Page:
For context, the Canadian team was led up front by a draft-eligible John Tavares on his way to a first overall selection, Cody Hodgson playing at a tournament MVP level, and Jordan Eberle scoring clutch goal after clutch goal. The backend was highlighted by P.K. Subban and Ryan Ellis. Meanwhile, the Russians boasted a recently selected sixth overall pick in Nikita Filatov but few other standouts. But they came to play.
The game itself was the definition of back-and-forth action. 1-0, 1-1. 2-1, 2-2. 3-2, 3-3. 4-3, 4-4. This brings us to the final two minutes and change when Dmitri Klopov jammed a loose puck past Dustin Tokarski to put the Russian's up 5-4 and every inch of air was sucked out of the Ottawa arena.
Fortunately, it set the stage for one of the most dramatic finishes in tournament history. I could regale you with a word salad about Ellis and his leaping keep-in at the blue line, or Tavares recovering it along to wall to dish it out front with five seconds left on the clock. But instead, let's just let the call do its own justice.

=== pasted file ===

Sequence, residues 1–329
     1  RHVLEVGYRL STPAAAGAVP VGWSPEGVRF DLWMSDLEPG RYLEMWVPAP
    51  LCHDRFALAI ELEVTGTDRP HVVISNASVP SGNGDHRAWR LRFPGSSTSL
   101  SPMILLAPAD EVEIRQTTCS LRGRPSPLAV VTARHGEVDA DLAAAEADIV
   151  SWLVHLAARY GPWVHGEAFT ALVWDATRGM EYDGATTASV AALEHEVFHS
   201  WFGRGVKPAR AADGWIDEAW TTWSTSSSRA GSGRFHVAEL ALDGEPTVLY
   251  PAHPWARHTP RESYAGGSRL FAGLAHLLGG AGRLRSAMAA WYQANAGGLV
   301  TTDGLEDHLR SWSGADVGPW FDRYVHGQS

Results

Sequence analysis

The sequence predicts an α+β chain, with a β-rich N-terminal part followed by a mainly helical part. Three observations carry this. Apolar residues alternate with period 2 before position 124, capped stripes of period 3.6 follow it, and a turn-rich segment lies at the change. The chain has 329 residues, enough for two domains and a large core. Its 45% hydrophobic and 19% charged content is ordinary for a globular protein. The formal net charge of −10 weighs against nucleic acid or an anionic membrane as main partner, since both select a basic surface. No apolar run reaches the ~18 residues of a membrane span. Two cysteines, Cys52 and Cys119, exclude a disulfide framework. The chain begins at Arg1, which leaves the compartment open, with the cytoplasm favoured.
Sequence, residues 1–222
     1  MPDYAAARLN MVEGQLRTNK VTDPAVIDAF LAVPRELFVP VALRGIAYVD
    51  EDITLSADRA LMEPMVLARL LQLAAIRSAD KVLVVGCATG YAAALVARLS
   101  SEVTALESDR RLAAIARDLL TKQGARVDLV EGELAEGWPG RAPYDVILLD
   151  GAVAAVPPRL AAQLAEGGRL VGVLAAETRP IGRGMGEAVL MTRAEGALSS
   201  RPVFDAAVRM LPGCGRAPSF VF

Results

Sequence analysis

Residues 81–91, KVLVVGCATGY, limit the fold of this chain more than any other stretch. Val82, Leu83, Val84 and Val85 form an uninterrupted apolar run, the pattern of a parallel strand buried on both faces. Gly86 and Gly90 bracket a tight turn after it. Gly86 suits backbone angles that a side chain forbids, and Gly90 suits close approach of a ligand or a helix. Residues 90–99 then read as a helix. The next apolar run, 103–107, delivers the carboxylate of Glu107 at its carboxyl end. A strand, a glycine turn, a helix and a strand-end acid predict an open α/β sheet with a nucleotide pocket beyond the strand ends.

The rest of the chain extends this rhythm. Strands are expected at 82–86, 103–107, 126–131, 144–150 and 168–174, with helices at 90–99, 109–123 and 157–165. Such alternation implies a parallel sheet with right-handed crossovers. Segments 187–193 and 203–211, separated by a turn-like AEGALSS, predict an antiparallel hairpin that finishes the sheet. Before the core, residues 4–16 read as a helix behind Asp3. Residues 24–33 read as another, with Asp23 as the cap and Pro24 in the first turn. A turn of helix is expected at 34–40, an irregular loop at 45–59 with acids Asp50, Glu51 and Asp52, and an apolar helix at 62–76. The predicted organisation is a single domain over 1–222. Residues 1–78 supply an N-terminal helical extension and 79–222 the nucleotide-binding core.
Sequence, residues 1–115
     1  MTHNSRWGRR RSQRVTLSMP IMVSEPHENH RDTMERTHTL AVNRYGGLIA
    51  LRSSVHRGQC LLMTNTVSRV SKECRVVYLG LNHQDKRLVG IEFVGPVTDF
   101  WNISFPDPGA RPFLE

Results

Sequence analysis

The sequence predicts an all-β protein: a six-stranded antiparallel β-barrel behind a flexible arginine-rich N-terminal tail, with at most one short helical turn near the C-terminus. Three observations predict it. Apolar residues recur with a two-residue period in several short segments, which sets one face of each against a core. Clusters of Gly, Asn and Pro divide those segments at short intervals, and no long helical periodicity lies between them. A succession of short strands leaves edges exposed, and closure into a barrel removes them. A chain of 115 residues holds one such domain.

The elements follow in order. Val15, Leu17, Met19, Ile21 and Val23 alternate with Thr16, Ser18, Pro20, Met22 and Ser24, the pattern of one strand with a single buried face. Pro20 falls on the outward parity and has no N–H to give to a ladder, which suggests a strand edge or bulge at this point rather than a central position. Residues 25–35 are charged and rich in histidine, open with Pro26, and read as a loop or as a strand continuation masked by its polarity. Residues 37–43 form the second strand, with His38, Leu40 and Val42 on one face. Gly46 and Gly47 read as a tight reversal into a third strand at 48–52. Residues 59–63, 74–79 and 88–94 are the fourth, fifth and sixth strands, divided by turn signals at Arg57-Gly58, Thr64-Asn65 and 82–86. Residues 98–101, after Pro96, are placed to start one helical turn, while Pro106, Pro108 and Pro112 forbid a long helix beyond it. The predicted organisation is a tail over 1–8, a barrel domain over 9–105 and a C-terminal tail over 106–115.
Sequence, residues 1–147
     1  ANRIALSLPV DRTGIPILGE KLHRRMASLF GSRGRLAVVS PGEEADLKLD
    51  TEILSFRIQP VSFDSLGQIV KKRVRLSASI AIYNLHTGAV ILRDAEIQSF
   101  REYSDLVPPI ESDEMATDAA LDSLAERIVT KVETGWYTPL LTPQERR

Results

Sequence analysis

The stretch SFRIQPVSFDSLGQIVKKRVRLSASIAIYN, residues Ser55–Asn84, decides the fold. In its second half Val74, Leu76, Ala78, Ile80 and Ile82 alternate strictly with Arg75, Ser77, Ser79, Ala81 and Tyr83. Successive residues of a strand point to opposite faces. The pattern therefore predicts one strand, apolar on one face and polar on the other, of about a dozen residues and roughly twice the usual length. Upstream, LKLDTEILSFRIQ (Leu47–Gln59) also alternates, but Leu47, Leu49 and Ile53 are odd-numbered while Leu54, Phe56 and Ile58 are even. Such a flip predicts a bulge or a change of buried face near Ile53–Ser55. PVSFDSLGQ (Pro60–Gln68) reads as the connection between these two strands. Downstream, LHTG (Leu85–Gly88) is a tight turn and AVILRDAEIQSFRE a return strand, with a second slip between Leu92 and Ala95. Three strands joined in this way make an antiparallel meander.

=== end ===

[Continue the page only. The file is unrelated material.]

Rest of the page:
As the history books show, overtime solved nothing so it went to a shootout. Eberle scores. Tavares scores. Tokarski stops both Russian attempts, and it's Canada heading to the final against Sweden where they'd end up taking home Gold.
That play and that call have lived in Canadian hockey lore for over a decade. It's the source of many a team rallying their troops with a belief that even if they're down, they're not truly out until that final buzzer rings.
Here's hoping the 2022 event will provide us with another moment that will live on through the ages. And even if it doesn't, there will still be those Christmas pyjamas and joyful viewings beginning on December 26th. And there's enough joy in that alone to keep us coming back year after year.